Around Aruba

Trip Start Apr 08, 2011
Trip End Apr 23, 2011

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Monday, April 18, 2011

I have long wanted to visit the island of Aruba, and I finally made it there! It is the westernmost Caribbean island, located just 18 miles off the coast of Venezuela. From the ship, we could actually see the tip of Venezuela in the distance. About 75 square miles total, the island of Aruba is 20 miles at its widest point and 6 miles at its longest. Oranjestad, Aruba’s Dutch capital city, is on the island’s southernmost coast. It is home to all of Aruba’s government buildings and main offices. 

We had absolutely no plans for the day; just exploring. As we left the ship, we considered renting a scooter or a jeep for the day, but decided against it and opted to foot it instead. Markedly different from the other Caribbean ports we visited on this trip, Aruba is obviously a tourist destination, with colorful buildings of shops and restaurants lining the main drag. No remnants of trash or standing water filled the gutters, as in the other ports. Instead, this place was reminescent of Santa Monica, California ... without the famous pier. 

Strolling past jewelry and clothing stores, we encountered our friends from the ship, Miriam and George, who were on their way to the casino. These two are big gamblers. Should we hang out with them and try our luck at the slots or explore the island? You know the Globetrotters ... we didn’t come here to gamble, we wanted to see what Aruba had to offer! We passed through the casino with the “high rollers,” then left the air-conditioned, smokey gambling spot to explore the resorts, beaches, and neighborhoods in the area. 

The rocky beach areas were home to dozens of iguanas -- plump, scaly creatures that look like pre-historic mini-dinos. They love sunning on the rocks near the ocean where they can scamper into holes to hide from nosey tourists who try to capture them. We, on the other hand, only wanted a few pictures of the lazy lizards. Aruba has lovely beaches just blocks away from quaint neighborhoods. In fact, one beach area was actually converted into a neighborhood; there were tents galore in a small section of the beach. We weren’t sure if the tent people lived there or if they were hanging out for a few days. Either way, they had a pretty good view.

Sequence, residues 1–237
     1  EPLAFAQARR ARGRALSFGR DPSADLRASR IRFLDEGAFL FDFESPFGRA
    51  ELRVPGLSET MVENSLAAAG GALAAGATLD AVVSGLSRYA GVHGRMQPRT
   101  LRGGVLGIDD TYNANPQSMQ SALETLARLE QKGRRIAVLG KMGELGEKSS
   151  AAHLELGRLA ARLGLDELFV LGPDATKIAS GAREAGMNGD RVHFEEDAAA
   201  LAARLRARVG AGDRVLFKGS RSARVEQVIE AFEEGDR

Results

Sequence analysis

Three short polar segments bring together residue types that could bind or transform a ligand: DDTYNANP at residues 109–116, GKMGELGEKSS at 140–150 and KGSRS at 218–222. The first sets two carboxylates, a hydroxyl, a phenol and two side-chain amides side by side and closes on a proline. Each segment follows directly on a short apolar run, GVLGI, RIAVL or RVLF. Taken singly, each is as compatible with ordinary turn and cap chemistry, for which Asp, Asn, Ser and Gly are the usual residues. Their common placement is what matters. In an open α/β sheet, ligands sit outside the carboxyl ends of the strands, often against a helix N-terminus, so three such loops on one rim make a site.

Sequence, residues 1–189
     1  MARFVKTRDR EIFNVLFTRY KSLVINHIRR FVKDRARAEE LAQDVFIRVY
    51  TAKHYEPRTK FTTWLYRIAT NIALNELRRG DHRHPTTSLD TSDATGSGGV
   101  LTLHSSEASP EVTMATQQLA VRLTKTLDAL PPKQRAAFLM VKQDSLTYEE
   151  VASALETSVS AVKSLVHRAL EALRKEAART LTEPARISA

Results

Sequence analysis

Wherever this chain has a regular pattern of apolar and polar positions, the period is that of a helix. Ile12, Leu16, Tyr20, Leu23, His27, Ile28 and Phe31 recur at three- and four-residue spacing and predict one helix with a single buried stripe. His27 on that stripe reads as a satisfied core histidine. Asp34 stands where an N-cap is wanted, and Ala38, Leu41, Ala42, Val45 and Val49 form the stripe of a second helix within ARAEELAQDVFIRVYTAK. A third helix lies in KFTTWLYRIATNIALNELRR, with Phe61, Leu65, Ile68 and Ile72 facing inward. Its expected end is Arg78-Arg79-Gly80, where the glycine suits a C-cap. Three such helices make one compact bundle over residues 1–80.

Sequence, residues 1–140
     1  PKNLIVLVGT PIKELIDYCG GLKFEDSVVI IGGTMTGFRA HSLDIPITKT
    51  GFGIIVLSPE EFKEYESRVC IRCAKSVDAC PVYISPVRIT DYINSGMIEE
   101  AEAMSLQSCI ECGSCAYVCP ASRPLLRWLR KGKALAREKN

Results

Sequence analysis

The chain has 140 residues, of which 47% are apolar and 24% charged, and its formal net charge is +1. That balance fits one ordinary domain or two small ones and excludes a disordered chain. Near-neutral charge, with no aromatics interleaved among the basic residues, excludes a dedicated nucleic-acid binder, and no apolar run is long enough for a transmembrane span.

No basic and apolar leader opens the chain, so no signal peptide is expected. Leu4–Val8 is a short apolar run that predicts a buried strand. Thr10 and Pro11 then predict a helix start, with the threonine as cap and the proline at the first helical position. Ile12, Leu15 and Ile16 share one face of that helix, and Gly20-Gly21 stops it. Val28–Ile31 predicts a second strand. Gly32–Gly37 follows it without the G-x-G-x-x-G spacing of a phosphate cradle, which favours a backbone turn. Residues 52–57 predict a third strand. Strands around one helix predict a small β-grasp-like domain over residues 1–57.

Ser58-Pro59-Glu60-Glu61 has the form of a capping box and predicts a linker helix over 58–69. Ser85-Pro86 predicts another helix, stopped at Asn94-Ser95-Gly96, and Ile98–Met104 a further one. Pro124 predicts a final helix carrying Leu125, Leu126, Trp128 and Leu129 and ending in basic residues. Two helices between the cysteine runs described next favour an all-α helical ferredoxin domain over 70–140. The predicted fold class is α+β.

Sprinkled amid the nearby neighborhoods and thoroughfares were several monuments and statues honoring significant historical figures. We did a little shopping, then decided to go on the city bus (only $2.30 US pp round trip) to explore some other sites on the island. We ended up in Palm Beach, a resort-lined area that was pretty quiet by day, but most likely transformed into the happening spot at night. The beach was filled with sun-tanning bodies and water adventurers on banana boats and jet skis. The sand was sugar soft and the water a beautiful crystal clear blue. Why in the world didn’t we wear our swimsuits today? I couldn’t resist the temptation of the waves. I had to at least get my feet wet, so I pulled off my shoes and socks to enjoy the cool of the water; aaahhhhhh, refreshing! Michael rolled up the legs of his khakis (instant capris!), snatched off his footwear, and joined in for a little sand and sea between the toes. 

All of that walking made us hungry, so we stopped at the Westin Resort for a little lunch, then back onto the bus to return to our ship. I’m sure there was much more to Aruba than what we experienced, but it was a fun day. All the more reason to return to this lovely island.
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